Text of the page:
- Born: About 1802, Ireland 1
- Marriage (1): DENNY, Mary
- Died: 19 April 1874 at 1.30 pm, Nitshill, Abbey Landward Parish, Paisley, Renfrewshire, Scotland
Cause of his death was old age and diarrhoea lasting 2 weeks.
James Lynch and his family were not recorded by the 1851 census living in the Barrhead area though there were quite a number of families called Lynch, some of whom were born in Ireland and he may have been related to them. He and his family appear to have come to Scotland after the 1851 census but before the end of 1858 when Edward Lynch died.
When his son Edward Lynch died in 1858, Edward's death certificate recorded James as a 'labourer at a coal pit'.
The 1861 census recorded James Lynch, head of the household, living in Nitshill Store House, in the village of Nitshill, in the parish of Abbey Landward (Paisley). James was aged 60 years, married, and was living with his wife, their two sons and one grandson, William J. Boyle, aged 5 years, and born in Kilpatrick, Dumbartonshire. James Lynch was a labourer in a coal pit and was born in Ireland. In the family's living quarters there was only one room that had a window.
In his son Daniel Lynch's marriage certificate of 1863, James Lynch was recorded as a 'coal pit labourer'.
James' occupation was 'pit-head-man' in 1866, according to his son James' marriage certificate.
The 1871 census for Nitshill, Renfrewshire recorded James Lynch, aged 73 years, living at Store Row, the head of a household of five people. The houshold comprised himself, his wife Mary, his stepdaughter Bridget, and Bridget's two children. James was recorded as a labourer and had been born in Ireland.
James Lynch's own death certificate recorded his occupation as a coal pit labourer. He was recorded as 70 years old at the time of his death in 1874.
James's wife's death certificate in 1878 recorded him as a pit-head labourer.
In 1885 James Lynch was recorded as a 'colliery labourer' in his son James' death certificate.
In his stepdaughter, Bridget's death certificate of 1909, James Lynch, deceased, was named as her father, a "general labourer". 2 3 4
Nitshill and Hurlet are about two miles north of Barrhead. They were originally part of the Abbey parish of Paisley and after 1926 were incorporated into Glasgow. They began as small mining communities on the turnpike road from Paisley to East Kilbride, near where the road crosses Levern Water, tributary of the White Cart, Hurlet on the left bank, Nitshill on the right. Nitshill was situated on the Househill estate of the Dunlop family.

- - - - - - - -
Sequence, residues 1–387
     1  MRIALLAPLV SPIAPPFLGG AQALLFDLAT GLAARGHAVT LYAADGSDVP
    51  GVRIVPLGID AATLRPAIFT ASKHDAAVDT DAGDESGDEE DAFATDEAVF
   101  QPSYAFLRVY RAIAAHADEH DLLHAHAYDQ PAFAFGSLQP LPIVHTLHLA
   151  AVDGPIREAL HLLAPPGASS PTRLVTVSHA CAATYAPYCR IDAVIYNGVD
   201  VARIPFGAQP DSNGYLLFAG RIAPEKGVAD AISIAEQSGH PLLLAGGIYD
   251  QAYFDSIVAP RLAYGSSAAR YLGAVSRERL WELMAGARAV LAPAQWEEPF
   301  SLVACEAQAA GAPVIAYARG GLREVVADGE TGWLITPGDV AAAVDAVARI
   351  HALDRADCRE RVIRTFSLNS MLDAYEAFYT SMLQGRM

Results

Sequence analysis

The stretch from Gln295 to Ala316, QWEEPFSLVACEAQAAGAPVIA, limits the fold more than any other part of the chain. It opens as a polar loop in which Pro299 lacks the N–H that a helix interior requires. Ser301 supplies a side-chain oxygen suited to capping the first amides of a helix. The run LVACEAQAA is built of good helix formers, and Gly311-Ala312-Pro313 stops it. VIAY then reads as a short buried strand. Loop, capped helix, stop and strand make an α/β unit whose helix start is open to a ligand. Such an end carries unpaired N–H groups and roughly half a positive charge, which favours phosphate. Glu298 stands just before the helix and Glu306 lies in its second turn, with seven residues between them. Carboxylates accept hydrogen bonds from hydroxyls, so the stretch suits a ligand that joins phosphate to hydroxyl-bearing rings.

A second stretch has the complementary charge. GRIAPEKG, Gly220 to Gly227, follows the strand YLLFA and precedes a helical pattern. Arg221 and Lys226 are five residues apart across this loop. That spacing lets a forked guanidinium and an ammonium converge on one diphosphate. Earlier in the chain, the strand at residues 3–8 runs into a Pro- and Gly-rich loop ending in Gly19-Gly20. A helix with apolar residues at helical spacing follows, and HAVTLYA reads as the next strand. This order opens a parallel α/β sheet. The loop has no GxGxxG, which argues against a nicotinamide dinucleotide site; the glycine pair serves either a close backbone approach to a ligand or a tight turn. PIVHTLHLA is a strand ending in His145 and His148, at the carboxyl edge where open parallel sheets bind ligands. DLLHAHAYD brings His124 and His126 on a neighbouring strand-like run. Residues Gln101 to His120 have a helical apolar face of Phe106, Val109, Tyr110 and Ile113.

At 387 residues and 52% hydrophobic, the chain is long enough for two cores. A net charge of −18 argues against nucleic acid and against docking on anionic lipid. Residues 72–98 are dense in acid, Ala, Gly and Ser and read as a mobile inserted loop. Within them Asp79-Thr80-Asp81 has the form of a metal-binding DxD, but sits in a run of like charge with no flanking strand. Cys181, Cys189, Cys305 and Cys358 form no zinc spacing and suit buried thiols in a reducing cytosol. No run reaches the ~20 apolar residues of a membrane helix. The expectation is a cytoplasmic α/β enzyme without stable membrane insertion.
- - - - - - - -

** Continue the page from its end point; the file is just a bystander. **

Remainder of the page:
Nitshill contributed to nineteenth century industry through its quarries, coal pits and printfields. There were large scale alum and copperas works along the banks of the Levern. In 1793 a mine was recorded at 'Nutshiel' belonging to James Dunlop of Househill, extending over fifty acres. There were also new collieries that opened on the Nether Pollok estate in the nineteenth century. Miners could earn about fifteen or sixteen shillings for a five day week. That was roughly twice a labourer's pay.
Many were injured and killed in this type of work. On Saturday the 15 March 1851, as the dayshift were about to relieve the nightshift, an explosion in the Victoria pit at Old Nitshill village shook the area around: 61 men and boys died more than a thousand feet underground. About 20,000 of a crowd gathered on Priesthill to see the rescue over the next few days. There was an enquiry which determined that a tunnel had collapsed, cutting off air and building up dangerous levels of gas. The 1851 census, taken only two weeks after this disaster, recorded that 16 out of 50 households in Old Nitshill had 'widow' as head of household, almost all between 20 and 40 years of age and with young children.
Nitshill grew rapidly after the 1850s. A railway station was opened on the Glasgow, Barrhead and Neilston Direct line in 1848. The population in the 1860s was about a thousand.
As the coal seams were dug out and became economically less viable, the collieries gradually declined and did not reopen after the 1926 General Strike. 5 6
James' death was certified by Robert Corbett MD.
The death was notified by his son and namesake, James Lynch. This James Lynch, whose usual residence was Allanton, Hamilton, signed the register on 21 April 1874 at Paisley.
James married Mary DENNY, daughter of Edward DENNY and Mary SWEENIE. (Mary DENNY was born about 1805 in Ireland and died 25 March 1878 at 9.00 am in Nitshill, Abbey Landward Parish, Paisley, Renfrewshire, Scotland.). The cause of her death was old age and debility.